What is the value of Participatory Budgeting (PB) for a strategy of social transformation? Is it a mystification aimed at keeping people busy apart from what really matters?
“The only alternatives to our method that I can conceive are these: first that we should choose out, or breed, a class of superior persons capable of judging on all matters without consulting the neighbours; that, in sort, we should get for ourselves what used to be called an aristocracy of intellect; or, secondly, that for the purpose of safe-guarding the freedom of the individual will we should revert to a system of private property again, and have slave and slave holders again. What do you think of these two expedients?“ (William Morris. News from Nowhere or an Epoch of Rest.)
What is the value of Participatory Budgeting (PB) for a strategy of social transformation? Is it a mystification aimed at keeping people busy apart from what really matters? Or is it, on the contrary, a step forward on the path to overcoming domination? Since the Partido dos Trabalhadores (PT) in Brazil launched the first internationally known PB process in Porto Alegre in 1989 a lively debate has been developing around the transformative scope of these experiences. When the left-wing ‘Petistas’, up to then hegemonic in Porto Alegre, lost the elections in 2004 the debate took on a new dimension; how valuable were these experiments if they could not even prevent the right from winning the local election? Suspicion has grown since the UK Minister for Communities announced that the British Government was ready to ‘devolve power’ to people at the local level turning PB into a generalised practice in the country. It is not the first time that legitimisation of local governments’ financial shortcomings has been laid on the citizens’ shoulders in Europe. Some notorious examples can be found in Germany and other places. Sometimes even well meaning left-wing ruled local councils have tried to develop new forms of local democracy through these procedures with very meagre results in terms of enhanced participation or even impact of people’s desires on local policies. Frustrated expectations and cynical assessments of the real processes can be found almost everywhere.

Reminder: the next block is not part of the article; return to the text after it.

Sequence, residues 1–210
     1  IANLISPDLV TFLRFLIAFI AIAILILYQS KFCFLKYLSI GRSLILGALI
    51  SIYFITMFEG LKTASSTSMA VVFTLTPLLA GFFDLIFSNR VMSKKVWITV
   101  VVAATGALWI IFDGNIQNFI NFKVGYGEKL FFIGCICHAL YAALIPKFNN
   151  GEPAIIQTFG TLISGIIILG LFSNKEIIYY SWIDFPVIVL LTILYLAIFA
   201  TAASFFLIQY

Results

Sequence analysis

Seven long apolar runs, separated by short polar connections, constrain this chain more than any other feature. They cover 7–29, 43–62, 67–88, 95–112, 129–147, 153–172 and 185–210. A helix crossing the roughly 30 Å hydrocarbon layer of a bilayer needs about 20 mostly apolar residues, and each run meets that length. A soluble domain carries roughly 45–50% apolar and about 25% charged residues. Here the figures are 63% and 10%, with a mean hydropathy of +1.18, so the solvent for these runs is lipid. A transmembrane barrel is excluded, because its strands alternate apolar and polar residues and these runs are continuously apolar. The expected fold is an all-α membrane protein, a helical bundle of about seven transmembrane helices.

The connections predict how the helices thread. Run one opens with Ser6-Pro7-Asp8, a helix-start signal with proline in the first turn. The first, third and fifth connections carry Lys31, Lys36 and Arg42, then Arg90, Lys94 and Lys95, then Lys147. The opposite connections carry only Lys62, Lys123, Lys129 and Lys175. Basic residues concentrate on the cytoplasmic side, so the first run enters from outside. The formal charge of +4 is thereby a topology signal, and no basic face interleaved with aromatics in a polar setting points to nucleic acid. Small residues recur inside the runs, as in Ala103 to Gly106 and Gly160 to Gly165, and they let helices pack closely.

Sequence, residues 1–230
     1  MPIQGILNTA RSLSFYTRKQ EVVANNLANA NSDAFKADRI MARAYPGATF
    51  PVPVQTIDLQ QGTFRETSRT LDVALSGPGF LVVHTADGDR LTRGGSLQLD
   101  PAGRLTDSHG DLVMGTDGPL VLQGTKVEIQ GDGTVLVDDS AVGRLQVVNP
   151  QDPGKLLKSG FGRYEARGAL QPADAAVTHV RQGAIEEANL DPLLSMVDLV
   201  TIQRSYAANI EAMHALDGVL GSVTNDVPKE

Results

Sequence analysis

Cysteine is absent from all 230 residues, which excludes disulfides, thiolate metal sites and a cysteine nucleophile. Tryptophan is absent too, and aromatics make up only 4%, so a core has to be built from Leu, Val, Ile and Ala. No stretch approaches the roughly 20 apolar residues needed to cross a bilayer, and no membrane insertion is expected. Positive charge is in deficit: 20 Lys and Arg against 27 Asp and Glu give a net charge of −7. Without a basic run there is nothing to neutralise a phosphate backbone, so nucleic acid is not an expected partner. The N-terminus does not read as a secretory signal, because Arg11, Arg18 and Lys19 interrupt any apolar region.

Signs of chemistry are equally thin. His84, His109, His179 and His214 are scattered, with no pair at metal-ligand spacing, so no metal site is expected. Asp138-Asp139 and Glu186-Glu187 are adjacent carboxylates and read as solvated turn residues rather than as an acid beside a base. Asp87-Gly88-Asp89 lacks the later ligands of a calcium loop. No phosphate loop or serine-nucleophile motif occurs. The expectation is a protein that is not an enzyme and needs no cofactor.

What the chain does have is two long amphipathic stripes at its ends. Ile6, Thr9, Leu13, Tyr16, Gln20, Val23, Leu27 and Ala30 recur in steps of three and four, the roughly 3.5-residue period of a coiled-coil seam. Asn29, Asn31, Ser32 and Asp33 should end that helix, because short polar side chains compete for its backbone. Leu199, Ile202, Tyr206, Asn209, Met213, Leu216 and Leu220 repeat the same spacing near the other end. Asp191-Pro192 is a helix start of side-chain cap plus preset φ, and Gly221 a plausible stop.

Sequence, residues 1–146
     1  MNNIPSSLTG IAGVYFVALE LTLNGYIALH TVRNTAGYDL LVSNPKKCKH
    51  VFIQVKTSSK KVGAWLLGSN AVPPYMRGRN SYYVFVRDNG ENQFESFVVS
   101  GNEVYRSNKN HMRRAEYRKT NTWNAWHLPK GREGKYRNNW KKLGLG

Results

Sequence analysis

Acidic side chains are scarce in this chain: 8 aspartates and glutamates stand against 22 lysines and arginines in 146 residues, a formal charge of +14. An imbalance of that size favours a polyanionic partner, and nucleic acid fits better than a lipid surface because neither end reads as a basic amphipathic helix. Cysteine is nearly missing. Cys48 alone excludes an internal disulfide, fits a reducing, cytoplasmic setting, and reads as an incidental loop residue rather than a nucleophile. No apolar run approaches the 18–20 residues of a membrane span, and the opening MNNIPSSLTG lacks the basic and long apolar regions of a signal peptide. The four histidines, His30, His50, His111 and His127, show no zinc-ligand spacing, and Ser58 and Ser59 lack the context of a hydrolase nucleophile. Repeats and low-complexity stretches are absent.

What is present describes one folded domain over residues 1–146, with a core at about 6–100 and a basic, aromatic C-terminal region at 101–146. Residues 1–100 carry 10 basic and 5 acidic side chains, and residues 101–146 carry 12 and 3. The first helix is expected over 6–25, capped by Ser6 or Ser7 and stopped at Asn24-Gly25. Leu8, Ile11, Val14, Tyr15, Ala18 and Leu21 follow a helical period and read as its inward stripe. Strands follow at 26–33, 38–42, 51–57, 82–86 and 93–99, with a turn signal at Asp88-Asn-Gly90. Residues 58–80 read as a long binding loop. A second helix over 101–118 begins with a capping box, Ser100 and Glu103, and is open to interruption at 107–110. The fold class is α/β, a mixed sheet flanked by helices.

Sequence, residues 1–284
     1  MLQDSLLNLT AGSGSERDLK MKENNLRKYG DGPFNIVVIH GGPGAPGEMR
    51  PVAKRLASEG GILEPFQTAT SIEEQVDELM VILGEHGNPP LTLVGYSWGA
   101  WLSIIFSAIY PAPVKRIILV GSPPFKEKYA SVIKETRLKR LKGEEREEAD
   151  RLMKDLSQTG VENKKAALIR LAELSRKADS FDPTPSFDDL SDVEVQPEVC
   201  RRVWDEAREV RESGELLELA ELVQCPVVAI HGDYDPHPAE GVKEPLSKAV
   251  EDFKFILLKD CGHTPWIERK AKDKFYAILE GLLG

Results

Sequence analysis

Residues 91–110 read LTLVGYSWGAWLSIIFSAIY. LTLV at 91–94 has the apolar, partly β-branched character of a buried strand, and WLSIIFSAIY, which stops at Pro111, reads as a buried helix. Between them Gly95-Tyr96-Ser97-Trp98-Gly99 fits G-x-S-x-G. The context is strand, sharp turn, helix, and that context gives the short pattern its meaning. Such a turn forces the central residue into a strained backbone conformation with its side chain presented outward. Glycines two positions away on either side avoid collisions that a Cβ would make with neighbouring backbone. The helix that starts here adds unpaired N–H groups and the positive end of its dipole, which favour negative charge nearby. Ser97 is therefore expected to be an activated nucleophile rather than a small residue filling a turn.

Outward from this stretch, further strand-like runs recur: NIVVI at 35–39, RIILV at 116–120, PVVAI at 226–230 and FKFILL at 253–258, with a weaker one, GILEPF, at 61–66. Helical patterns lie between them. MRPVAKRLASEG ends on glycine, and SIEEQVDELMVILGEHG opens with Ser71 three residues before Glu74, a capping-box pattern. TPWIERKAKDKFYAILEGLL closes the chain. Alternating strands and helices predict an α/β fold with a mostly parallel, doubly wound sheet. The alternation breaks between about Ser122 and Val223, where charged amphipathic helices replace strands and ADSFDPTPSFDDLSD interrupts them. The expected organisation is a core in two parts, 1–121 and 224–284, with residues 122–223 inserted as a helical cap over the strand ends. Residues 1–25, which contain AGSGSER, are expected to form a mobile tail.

Nevertheless I will make the case in this article that PB can be a transformative policy not only in Latin America but in the context of large European cities, and that it is both a worthwhile and challenging endeavour for a left party in government, provided the effort is bold enough. My appreciation rests on my own experience in Seville, a city of 700,000 people in the south of Spain. Since 2003 Seville has been governed by a coalition of the social-democratic party – PSOE – and the United Left – Izquierda Unida. Although the PSOE has the majority in government, IU was able to introduce the PB in the coalition programme. At first, its scope was only the decentralised part of the city budget, but since the last elections held in 2007 the local government has committed itself to submitting to the PB process the whole budget by the end of the term ending in 2011.
The PB in Seville is a direct offspring of the Porto Alegre process, although with some variations due to obvious different social and political circumstances. In a nutshell, the idea is that local government has made the political commitment to leave the allocation of part of the city’s expense budget in the hands of an autonomous and self-regulated citizen instance ruled through direct democracy principles and procedures.
After four years we can look at the process as a new form of collective action which basically consists in reclaiming for citizens the power to decide on issues traditionally reserved by the government, a course of action which is somewhat paradoxically supported by the government. In this sense it is different from the kinds of political intervention traditionally supported by the left such as mobilisation or action to push for demands through elected representatives. It also differs from pure forms of ‘social’ self- anagement either disconnected from, or in cooperation with, the state. Moreover, it is not traditional ‘revolutionary’ action: assaulting (even in a partial way) the state. The question is how to characterise this new form of collective action?